Elihu continues speaking. It’s not right, he says, for Job to assert his righteousness and to ask, “How am I better off than if I had sinned?” Elihu will answer him and his friends. He tells Job to observe the skies. Elihu says that neither Job’s transgressions nor his righteousness actually give God anything. Rather, these things affect other human beings.
Elihu argues that Job has made a basic mistake in his attitude towards God. He says Job has been arguing that he might as well have sinned, since God has made him suffer anyway. Elihu offers a different perspective by suggesting that even if Job is righteous by human standards, it’s not like that gives him special standing before a perfectly just and righteous God.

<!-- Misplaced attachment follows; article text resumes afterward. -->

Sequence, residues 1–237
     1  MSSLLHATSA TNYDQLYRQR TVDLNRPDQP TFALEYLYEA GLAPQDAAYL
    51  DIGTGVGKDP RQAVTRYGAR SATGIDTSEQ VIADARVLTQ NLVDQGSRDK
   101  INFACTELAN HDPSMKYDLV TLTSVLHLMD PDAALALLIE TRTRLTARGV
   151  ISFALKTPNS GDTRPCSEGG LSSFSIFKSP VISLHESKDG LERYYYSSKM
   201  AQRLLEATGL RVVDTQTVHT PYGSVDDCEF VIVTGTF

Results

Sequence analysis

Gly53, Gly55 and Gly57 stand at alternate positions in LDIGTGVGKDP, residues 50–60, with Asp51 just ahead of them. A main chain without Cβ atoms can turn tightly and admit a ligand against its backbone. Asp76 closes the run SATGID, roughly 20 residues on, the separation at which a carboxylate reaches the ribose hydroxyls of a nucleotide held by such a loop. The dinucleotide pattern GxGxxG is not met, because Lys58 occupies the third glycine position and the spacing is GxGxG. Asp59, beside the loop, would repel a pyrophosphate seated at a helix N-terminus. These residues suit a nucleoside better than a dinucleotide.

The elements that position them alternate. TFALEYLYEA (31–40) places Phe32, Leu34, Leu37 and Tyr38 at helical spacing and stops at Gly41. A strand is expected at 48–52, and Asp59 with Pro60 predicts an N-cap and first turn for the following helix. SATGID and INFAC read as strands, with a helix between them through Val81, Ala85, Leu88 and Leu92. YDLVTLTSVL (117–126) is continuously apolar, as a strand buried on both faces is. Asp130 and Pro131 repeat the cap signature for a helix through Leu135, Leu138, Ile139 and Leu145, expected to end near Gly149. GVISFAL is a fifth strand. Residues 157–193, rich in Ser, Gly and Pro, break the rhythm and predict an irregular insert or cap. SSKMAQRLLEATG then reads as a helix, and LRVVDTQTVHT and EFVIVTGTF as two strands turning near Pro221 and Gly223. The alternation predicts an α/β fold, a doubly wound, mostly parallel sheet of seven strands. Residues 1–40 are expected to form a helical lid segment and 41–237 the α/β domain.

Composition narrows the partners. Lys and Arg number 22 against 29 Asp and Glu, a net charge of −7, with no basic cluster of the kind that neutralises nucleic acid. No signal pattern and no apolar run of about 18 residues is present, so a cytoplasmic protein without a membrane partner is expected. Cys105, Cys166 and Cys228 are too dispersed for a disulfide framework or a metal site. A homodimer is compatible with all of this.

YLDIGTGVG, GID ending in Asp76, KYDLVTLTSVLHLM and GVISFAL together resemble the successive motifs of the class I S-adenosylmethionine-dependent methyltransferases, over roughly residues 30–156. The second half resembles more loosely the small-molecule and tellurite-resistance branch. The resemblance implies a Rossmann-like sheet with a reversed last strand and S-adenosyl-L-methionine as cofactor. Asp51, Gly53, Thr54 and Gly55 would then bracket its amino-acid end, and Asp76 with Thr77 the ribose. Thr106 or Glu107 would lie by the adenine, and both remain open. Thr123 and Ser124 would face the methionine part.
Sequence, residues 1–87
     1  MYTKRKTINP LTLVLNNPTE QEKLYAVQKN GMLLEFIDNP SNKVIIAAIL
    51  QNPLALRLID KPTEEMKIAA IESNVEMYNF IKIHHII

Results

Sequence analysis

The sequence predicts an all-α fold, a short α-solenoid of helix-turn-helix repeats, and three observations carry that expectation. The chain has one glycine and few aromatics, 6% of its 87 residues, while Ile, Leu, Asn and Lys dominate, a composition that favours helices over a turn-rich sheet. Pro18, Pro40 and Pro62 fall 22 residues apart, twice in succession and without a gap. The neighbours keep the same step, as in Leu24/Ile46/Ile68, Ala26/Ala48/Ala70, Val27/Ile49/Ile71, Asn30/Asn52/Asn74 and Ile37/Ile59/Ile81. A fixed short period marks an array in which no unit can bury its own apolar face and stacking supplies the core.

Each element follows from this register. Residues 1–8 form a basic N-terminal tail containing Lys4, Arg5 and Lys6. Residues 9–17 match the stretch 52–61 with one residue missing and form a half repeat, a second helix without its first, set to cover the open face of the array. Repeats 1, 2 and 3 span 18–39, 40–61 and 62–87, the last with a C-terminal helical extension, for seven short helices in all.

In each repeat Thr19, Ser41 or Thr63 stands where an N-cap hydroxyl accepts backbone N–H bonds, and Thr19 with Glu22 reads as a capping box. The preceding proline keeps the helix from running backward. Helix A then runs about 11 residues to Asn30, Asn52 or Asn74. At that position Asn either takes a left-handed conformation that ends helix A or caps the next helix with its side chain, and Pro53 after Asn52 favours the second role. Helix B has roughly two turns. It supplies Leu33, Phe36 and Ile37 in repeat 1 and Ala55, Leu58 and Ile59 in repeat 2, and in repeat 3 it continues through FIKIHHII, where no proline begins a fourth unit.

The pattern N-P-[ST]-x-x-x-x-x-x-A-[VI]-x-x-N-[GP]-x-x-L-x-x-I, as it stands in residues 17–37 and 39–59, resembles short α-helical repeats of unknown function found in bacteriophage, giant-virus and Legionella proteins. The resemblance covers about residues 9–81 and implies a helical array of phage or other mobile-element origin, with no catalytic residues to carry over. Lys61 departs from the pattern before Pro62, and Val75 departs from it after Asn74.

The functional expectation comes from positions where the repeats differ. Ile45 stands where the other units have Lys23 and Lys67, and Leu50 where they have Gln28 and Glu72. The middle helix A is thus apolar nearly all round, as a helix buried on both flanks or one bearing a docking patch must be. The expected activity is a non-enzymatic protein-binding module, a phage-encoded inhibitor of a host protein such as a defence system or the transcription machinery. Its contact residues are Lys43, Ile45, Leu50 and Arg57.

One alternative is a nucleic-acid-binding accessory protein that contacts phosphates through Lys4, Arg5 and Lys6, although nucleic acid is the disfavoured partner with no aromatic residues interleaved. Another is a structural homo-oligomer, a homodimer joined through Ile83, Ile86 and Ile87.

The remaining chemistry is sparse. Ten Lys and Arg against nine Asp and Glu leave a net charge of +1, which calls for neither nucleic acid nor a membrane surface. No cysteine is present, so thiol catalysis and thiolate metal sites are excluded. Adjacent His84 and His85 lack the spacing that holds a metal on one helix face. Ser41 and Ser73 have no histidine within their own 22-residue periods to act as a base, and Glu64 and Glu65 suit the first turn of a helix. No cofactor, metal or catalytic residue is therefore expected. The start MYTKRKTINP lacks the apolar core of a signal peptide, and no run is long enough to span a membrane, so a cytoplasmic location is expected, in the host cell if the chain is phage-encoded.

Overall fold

Elihu says that the oppressed cry out because of their suffering, seeking the strong’s help. But nobody calls for help from God, their Maker. And when the prideful cry out, God doesn’t heed them, either. How much less, then, must God heed those who arrogantly present their own case to God. Because God has not punished Job harshly, Job now speaks empty words, “multiplying words without knowledge.”
Elihu continues arguing that when people suffer, they tend to be short-sighted, looking for help from anyone but God. Often, too, people call for help out of pride rather than humility. People don’t learn the right lessons from their suffering, in other words. Job, Elihu asserts, is no different—and in fact he’s worse, because he refuses to see that he needs to learn a lesson.